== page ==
The Court of Appeals for the Federal Circuit issued a decision in Blue Calypso, LLC v. Groupon, Inc., Nos. 2015-1391 et al., 2016 U.S. App. LEXIS 3728 (Fed. Cir. March 1, 2016), which involved an appeal from final decisions resulting from five covered business method patent reviews conducted by the Patent Trial and Appeal Board of the U.S. Patent Office. The reviews resulted in the invalidation of various claims of five patents owned by Blue Calypso as being anticipated by the prior art under 35 U.S.C. § 102, lacking written description support in the as-filed specification under 35 U.S.C. § 112, and directed to ineligible subject matter under 35 U.S.C. § 101. In addition to appealing the merits of the claim invalidations, Blue Calypso appealed the application of covered business method patent review against its patents, arguing that the patents did not fall within the definition of a covered business method patent. Broadly speaking, its patent claims were directed to matching a user’s demographic information to an advertiser’s advertisement and subsidy, and sending the advertisement and corresponding subsidy to a client device.
To qualify for covered business method patent review, a patent must “claim a method or corresponding apparatus for performing data processing or other operations used in the practice, administration, or management of a financial product or service, except that the term does not include patents for technological inventions.” AIA § 18(d)(1). Blue Calypso argued that its patents did not relate to managing a financial product or service because they were directed to managing and distributing advertising content. The Court rejected this argument, relying on its previous interpretation of the term “financial product or service” as encompassing activities that are financial in nature, incidental to a financial activity, or complementary to a financial activity. Blue Calypso, 2016 U.S. App. LEXIS 3728 at *9–10 (citing Versata Dev. Grp., Inc. v. SAP Am., Inc., 793 F.3d 1306, 1318–23 (Fed. Cir. 2015); SightSound Techs., LLC v. Apple Inc., 809 F.3d 1307 (Fed. Cir. 2015)).
In addition, Blue Calypso argued that its claims were a technological invention not subject to covered business method patent review because they were computer-implemented, and required hardware, software, a network, and communication devices to accomplish their claimed steps. The Court also rejected that argument, holding that the use of a computer does not automatically render the claimed subject matter a technological invention. Blue Calypso, 2016 U.S. App. LEXIS 3728 at *10–12. The Court’s reasoning was reminiscent of the reasoning frequently applied to reject claims as being directed to ineligible subject matter under 35 U.S.C. § 101, as interpreted by the Mayo and Alice Supreme Court decisions. Under that framework, explicitly requiring that a computer carry out a claimed process is often, though not always, insufficient to save the process from being characterized as an ineligible abstract idea. See, e.g., Alice Corp. v. CLS Bank Int’l, 134 S. Ct. 2347, 2350–51 (2014); but see DDR Holdings, LLC v. Hotels.com, L.P., 773 F.3d 1245 (Fed. Cir. 2014) (holding that claims requiring only generic computer implementation were patent-eligible because they addressed a computer-centric problem in a way that deviates from normal operation). Accordingly, the Court hold that the Board had correctly concluded that the patents qualified for covered business method patent review.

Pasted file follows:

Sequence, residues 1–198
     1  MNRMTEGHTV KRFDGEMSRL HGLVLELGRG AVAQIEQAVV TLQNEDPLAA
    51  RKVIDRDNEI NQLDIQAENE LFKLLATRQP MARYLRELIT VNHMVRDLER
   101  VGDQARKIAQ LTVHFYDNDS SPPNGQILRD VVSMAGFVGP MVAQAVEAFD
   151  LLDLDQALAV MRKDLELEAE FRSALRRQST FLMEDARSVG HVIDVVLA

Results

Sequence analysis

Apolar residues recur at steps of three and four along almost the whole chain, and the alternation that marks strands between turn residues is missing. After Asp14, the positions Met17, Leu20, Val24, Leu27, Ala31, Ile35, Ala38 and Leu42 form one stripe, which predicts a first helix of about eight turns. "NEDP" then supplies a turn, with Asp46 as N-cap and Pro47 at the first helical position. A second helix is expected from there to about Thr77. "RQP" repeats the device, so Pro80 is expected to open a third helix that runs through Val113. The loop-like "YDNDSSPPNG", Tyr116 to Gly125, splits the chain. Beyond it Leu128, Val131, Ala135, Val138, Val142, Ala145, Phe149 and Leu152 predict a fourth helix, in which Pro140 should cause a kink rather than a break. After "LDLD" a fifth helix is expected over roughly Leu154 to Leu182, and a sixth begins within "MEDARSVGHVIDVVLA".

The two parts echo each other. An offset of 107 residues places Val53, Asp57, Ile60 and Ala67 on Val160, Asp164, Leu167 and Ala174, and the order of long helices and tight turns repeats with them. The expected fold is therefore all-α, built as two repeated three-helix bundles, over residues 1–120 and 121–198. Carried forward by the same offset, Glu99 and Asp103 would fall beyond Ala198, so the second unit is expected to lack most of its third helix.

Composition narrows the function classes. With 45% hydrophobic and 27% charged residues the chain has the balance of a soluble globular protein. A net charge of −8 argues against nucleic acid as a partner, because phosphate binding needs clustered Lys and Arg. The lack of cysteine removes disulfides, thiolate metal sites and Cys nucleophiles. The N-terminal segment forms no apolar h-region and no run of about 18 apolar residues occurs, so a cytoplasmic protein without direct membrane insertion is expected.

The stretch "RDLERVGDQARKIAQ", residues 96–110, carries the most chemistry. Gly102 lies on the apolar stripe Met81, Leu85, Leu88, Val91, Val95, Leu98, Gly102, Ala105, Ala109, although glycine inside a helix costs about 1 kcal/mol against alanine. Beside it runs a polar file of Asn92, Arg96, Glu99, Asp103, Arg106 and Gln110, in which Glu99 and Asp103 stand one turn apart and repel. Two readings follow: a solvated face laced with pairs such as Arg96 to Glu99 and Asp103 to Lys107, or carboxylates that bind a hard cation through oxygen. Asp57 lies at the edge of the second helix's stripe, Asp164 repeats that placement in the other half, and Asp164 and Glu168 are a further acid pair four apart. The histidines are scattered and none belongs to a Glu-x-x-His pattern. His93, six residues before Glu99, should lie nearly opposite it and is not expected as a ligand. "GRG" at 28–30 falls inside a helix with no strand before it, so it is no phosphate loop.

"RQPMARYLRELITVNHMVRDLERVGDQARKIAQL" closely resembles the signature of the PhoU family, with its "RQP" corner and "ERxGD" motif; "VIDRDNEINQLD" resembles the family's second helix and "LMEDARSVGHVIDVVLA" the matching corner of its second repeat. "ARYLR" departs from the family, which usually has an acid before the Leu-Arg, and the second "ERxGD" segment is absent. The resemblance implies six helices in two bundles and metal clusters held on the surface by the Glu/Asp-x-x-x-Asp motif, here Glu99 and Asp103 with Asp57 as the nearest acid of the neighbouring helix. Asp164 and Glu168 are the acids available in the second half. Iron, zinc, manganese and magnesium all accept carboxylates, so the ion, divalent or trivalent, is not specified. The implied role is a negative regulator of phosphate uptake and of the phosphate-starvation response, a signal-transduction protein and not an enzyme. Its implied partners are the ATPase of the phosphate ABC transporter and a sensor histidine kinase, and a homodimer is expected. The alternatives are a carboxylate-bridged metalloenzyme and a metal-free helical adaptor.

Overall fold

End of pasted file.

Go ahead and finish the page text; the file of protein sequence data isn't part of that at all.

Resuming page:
The broad definition of the term “financial product or service” coupled with the lack of a definition for the term “technological invention” and the propensity of the Board and the courts to disregard computer implementation has the potential of rendering a broad swath of patents eligible for challenge under covered business method patent review. Taking such interpretations to their logical limit, for example, could possibly render all patents with computer-implemented method claims subject to covered business method patent review because method patent claims are almost exclusively directed to commercially valuable activity that is “incidental” or “complementary” to the sale of that activity (i.e., a financial product or service) and computer implementation is often disregarded. Patent challengers, patent owners, patent applicants, and patent practitioners should consider scrutinizing the ongoing developments in this area as they seek to invalidate patents, obtain valuable patent protection, and enforce patent claims.
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